There's no truth to the rumor that Jed Lowrie conveniently suffered a setback in his recovery just so he'd be back at Fenway Park for the Red Sox team photo.
A day after he felt a pinch in his wrist on a checked swing at Triple-A Pawtucket, he at least was able to chuckle a little bit about it. His voice, though, sounded wearing with frustration.
"Right at the point I'm trying to stop my swing, I feel a pinch and can't really stop it," he said. "Within the next two minutes, the finger is dead and there's a lot of soreness, a lot of numbness.
It hasn't gone away, either.
"I can still feel it today," he said. "But I relate it to, after my first at-bat in New York, it felt like it did right now. When I took my second at-bat, it got exponentially worse. After my first at-bat when it first happened against Oakland here, that's the way it felt. It took a couple of days until it felt OK. The one in New York, after the second at-bat, took a week. It's been a guessing game."
The setback was all the more frustrating considering he'd hit three home runs in his previous two games with the PawSox.
"It just kind of justified that when I'm feeling good, I've still got it," he said. "I don't think that's a question. It's just a matter of figuring out how to get it healthy. At this point, your guess is as good as mine."
He had played all nine innings in those games -- 10 innings, in fact, in one of them -- and had felt like he was back in baseball shape and ready to go when the Red Sox called for him. The latest setback came completely out of the blue.
"My legs felt great," he said. "I was moving great. I felt find as far as baseball-wise goes. The checked swing felt like I went right back to square one."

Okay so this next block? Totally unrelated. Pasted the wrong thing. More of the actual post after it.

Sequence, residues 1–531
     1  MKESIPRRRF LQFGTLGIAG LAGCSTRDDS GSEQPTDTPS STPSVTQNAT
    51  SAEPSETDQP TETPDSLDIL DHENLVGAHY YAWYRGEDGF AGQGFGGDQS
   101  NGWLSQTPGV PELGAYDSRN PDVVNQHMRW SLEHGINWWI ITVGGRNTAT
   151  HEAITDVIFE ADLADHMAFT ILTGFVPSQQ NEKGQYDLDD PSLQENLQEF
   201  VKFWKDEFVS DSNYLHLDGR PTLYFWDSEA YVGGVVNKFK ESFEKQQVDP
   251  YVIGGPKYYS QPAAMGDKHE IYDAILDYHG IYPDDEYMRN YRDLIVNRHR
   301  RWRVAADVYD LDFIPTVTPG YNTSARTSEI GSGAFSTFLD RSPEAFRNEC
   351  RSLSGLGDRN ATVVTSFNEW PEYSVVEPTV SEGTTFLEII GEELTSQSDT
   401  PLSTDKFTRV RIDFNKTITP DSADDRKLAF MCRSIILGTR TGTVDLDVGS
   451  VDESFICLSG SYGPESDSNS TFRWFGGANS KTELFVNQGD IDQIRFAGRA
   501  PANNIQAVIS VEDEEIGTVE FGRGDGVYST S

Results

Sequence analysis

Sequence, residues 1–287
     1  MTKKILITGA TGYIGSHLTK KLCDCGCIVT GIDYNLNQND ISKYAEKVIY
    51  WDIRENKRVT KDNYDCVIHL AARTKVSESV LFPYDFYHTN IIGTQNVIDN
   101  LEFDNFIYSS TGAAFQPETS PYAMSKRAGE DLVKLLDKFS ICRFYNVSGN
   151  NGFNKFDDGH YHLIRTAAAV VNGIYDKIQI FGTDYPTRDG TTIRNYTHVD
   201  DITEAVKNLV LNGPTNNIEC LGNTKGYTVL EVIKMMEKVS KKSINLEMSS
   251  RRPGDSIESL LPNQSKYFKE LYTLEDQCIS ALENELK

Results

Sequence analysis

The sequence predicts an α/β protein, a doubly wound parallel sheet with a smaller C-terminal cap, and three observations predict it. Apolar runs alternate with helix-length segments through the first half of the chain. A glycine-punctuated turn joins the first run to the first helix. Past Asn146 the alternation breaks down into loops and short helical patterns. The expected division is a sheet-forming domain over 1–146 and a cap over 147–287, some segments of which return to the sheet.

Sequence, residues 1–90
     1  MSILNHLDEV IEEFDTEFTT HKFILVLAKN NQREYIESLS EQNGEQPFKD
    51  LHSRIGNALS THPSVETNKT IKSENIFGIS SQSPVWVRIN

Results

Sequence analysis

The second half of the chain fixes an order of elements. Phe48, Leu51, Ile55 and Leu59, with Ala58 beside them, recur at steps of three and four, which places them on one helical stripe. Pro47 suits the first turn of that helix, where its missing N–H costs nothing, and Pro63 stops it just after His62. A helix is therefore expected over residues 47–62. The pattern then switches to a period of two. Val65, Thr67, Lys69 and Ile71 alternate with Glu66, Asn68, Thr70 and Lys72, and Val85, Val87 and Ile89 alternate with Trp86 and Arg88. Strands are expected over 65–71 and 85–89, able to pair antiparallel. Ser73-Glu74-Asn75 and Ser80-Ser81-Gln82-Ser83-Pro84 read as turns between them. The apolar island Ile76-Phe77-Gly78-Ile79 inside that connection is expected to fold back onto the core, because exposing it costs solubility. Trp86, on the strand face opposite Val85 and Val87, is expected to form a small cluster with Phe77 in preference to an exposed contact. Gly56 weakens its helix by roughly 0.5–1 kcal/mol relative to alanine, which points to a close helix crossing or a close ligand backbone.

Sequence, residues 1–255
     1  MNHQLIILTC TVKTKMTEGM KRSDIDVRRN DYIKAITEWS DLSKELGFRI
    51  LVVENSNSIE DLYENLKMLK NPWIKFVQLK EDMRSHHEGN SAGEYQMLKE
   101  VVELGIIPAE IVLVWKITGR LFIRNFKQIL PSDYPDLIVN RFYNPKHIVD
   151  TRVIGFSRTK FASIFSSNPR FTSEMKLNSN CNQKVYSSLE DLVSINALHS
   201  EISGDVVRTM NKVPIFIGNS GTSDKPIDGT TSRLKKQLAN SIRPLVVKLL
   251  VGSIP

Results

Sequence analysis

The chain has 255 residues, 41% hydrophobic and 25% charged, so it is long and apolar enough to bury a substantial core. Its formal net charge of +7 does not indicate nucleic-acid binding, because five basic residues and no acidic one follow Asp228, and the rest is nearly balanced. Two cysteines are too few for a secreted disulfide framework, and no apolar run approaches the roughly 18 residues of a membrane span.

You might wonder if he's ready to hang it up for the season and rest his wrist and target spring training next year as a return date. He might still have to do that, but he's not giving up yet.
"I'm still going to try," he said. "I don't feel ready to stop trying this year -- especially after doing what I did in Pawtucket for a couple of days. I know it's only a couple of days and I haven't played in a week and it's not a finished product, so to speak, but at least there's something there. Hopefully, I can build on it and take it from here. Like I said, I don't even really know at this point. ...
"Of course, it's more in jeopardy, but I'm not ready to give up yet. I'm going to continue to do what I need to do to get back and see where that leads me. I'm not ready to give up on it."
The only silver lining was that he seems to have identified what causes the problem. Everything about the way he plays baseball feels good except for when he has to check his swing when he's hitting lefthanded.
"I know what's causing it now," he said. "After New York, I wasn't real sure. The first time it happened, it was a righthanded swing where I rolled over a ball. In New York, it was a lefthanded checked swing. Now I know that it is a lefthanded check swing. Whether the righthanded thing was the swing or me diving back, that's a little up in the air. But I do know that the lefthanded checked swing is causing that. From talking to people coming off wrist surgeries, coming off wrist injuries, the checked swing is the final hurdle. ... I know there is light at the end of the tunnel, but that being said, hopefully we're moving closer."